Above: Nintendo 64 game console
In 1995, Nintendo released their 64-bit game console called the Nintendo 64. This was a bit of a surprise for many reasons:
Above: Nintendo 64 Golden Eye
1) Nintendo never released a 32-bit game console that left many wondering if Nintendo was going the way of Atari and if they could come back with a new console.
2) Nintendo had also decided to stick to the cartridge format to reduce load times and because cartridges were less prone to piracy. And, for many users, the cartridge was a preferred medium. Ultimately, spinning media offers more storage space, but the load times are very annoying and can be very long even with modern consoles
The second surprise had many doubting the end product as many game developers walked away from development fearing that the cartridge would not have sufficient storage to produce high quality 3D games.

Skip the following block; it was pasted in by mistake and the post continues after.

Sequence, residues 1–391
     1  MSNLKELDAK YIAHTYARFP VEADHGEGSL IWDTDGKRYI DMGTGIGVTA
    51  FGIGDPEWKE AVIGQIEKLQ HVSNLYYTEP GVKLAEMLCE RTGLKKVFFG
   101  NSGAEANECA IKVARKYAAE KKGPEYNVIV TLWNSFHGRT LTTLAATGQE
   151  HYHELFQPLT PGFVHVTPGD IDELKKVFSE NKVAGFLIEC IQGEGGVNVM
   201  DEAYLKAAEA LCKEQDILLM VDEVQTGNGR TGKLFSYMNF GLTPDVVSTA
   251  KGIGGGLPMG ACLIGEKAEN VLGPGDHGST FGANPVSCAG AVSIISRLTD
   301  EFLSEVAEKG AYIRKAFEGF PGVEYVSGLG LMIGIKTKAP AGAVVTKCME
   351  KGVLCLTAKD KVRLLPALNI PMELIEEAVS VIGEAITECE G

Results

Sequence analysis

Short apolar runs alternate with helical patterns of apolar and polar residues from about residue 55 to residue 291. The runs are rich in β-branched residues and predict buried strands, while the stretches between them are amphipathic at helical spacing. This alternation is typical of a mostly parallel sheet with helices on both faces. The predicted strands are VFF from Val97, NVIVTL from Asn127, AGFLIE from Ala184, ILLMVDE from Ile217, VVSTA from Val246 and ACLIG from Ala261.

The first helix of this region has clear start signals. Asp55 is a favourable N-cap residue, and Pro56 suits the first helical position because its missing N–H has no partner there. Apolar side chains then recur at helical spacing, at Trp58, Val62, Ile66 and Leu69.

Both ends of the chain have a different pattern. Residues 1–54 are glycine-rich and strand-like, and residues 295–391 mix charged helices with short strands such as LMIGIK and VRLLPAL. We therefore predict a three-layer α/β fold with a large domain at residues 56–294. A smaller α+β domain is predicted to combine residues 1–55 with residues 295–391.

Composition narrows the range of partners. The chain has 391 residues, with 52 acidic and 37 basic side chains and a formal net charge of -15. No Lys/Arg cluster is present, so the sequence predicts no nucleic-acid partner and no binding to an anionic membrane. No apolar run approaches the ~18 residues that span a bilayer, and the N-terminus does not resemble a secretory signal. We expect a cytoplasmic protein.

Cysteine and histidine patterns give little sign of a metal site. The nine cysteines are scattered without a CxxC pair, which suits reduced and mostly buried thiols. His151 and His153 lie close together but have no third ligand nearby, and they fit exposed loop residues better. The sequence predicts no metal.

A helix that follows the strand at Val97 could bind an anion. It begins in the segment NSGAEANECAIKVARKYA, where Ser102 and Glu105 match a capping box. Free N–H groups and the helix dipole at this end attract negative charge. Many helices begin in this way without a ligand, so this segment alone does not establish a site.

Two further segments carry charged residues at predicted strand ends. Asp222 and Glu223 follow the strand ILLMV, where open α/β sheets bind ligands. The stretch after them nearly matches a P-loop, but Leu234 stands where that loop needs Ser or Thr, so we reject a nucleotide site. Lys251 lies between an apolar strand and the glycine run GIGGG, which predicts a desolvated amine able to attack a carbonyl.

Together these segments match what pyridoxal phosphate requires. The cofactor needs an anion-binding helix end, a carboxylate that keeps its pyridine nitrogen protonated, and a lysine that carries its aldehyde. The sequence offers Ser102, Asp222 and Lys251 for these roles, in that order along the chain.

While the console did produce some top selling titles, the cartridge format did prove limiting. There was little room for voiceovers, let alone full motion video. While these were significant issues, Nintendo had a deep selection of game series to pull from and enhance of the 64-bit platform.
Above: Nintendo 64 cartridge motherboard
However, it is likely that the cartridge format will come back as the cost of flash memory is much lower now than it has ever been. While it may not be cost effective for the eight generation, it is likely that it will return for the ninth generation.
Above: Nintendo 64 motherboard
As a result, the console sold over 30 million units before being discontinued.